Neutrino telescope KM3NeT receives 12.7 Million Euro NWO grant
The Dutch contribution to the neutrino telescope KM3NeT, in which several UvA-researchers are involved, has received an investment grant of 12.7 Million Euro. KM3NeT is one of the ten top research facilities in NWO’s 'National Roadmap for Large-scale Research Infrastructure'.
On 12 April, Minister Van Engelshoven, of Education, Culture and Science, issued the Roadmap certificates. The construction or renewal of these facilities has been given the highest priority. This grant will give the completion of the neutrino telescope KM3NeT a big boost. KM3NeT is going to perform research into the fundamental properties of neutrinos and the astrophysical sources of cosmic neutrinos, and it will facilitate sea research and marine biology. The neutrino telescope will be placed deep in the Mediterranean Sea, the planned installation sites are off the shore near Toulon (France) and Sicily (Italy).
Since the start, the Netherlands has played an important role in this research. The applicants from Nikhef and the University of Amsterdam, together with NIOZ, TNO, KVI-CART, University Leiden, VU University and Radboud University, are very proud of the approval of this grant.
'The Dutch contributions are essential for the success of this international project”, says Stan Bentvelsen, Nikhef director. “Together with NIOZ, TNO and KVI-CART, we have designed nearly every component of the detector. We lead the construction of the detector, and play a crucial role in the research. With this fantastic grant, we can keep on doing this. This is a project we are very proud of.'
Els Koffeman, technical coordinator of KM3NeT, professor of instrumentation at the UvA and researcher at Nikhef, is also enthusiastic: 'Excellent! With this support we can make our plans a reality. We will fill a deep, large volume of water in the Mediterranean Sea with light sensitive detection units. We expect to detect the first neutrinos in 2020!'
'This funding will allow us to make KM3NeT a truly multi-disciplinary infrastructure of an unprecedented size', says Paul de Jong, director of the UvA Institute of Physics and programme leader of the KM3NeT group at Nikhef. 'KM3NeT will facilitate scientific breakthroughs in neutrino physics, neutrino astronomy, sea research and marine biology.'
Nikhef researcher Aart Heijboer, deputy spokesperson of KM3NeT, illustrates the opportunities for neutrino physics and neutrino astronomy: 'Neutrinos are ghostly elementary particles that are produced in some of the most spectacular astrophysical regions, such as the centers of galaxies that house massive black holes. With KM3NeT, we will detect these neutrinos and pinpoint their sources, opening up a completely new way to study the Universe. Moreover, we can unravel the fundamental particle physics of neutrinos, which is important for understanding the evolution of the Universe.'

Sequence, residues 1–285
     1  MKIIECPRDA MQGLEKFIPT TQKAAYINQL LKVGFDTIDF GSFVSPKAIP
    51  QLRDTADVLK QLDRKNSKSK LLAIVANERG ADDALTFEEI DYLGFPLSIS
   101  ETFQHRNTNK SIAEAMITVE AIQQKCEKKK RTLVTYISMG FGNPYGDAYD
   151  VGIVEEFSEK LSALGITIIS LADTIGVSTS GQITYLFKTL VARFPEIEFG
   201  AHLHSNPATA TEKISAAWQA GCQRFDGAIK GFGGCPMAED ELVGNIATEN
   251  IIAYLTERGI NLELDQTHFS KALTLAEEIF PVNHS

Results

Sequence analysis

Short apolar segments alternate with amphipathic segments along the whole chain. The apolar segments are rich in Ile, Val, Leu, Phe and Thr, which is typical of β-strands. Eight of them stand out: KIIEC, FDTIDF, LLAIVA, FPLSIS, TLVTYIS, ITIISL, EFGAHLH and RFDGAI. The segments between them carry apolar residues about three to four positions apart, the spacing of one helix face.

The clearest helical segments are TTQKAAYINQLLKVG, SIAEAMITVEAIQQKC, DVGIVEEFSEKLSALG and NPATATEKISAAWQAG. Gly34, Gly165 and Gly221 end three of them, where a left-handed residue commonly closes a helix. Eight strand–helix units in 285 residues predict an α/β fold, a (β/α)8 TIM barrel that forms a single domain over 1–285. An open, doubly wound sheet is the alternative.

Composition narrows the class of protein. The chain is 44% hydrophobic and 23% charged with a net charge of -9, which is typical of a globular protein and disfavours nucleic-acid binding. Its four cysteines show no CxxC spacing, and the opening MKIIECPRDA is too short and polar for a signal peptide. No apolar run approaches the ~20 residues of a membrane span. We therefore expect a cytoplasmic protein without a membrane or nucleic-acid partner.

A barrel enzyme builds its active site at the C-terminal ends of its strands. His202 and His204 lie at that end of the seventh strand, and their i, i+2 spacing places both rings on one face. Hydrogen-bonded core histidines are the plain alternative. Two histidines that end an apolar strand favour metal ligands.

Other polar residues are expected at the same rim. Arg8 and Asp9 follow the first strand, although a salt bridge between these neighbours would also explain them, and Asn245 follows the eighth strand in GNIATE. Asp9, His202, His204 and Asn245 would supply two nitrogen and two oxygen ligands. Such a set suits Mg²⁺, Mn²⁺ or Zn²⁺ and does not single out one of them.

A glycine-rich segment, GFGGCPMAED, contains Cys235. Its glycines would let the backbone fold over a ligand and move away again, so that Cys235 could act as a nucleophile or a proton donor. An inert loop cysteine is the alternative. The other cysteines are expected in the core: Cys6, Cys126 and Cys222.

KM3NeT furthermore facilitates sea research and marine biology through temperature sensors and hydrophones which will be installed alongside the light sensitive detector units.
Unique 3D network
Hans van Haren, sea researcher at NIOZ, appreciates these opportunities: 'KM3NeT offers to build a unique 3D network of 3000 high-resolution temperature sensors in a cubic hectometer of deep-sea to study essentially three-dimensional phenomena of internal wave turbulent mixing. This will enable new studies on the transport of matter, which has thus far only been done with measurements in one direction.'
Ernst-Jan Buis is involved in the project as a TNO researcher: 'This project enables us to develop extremely sensitive hydrophone technology which can be used not only to study marine biology, but also to detect acoustic signals from neutrino interactions in water. Furthermore, the construction of such a complex network of detectors under such extreme conditions as present in the deep-sea, asks for special engineering skills. TNO, with its long-standing experiences in space-engineering, can contribute greatly to the construction of KM3NeT.'
KM3NeT is an international collaboration of 51 institutes and universities from 15 countries. The neutrino telescope KM3NeT is the successor of the smaller neutrino telescope ANTARES. At the moment, the construction of all detector components is well underway. The final KM3NeT neutrino telescope will consist of more than 300 strings, each with 18 light sensitive detector units, so-called Digital Optical Modules (DOMs). Beside this, KM3NeT will include a large network of temperature sensors and hydrophones. The Dutch research vessel Pelagia will be used to deploy the telescope in the sea. The sites in Toulon and Sicily are expected to be both fully deployed and operational in five years’ time.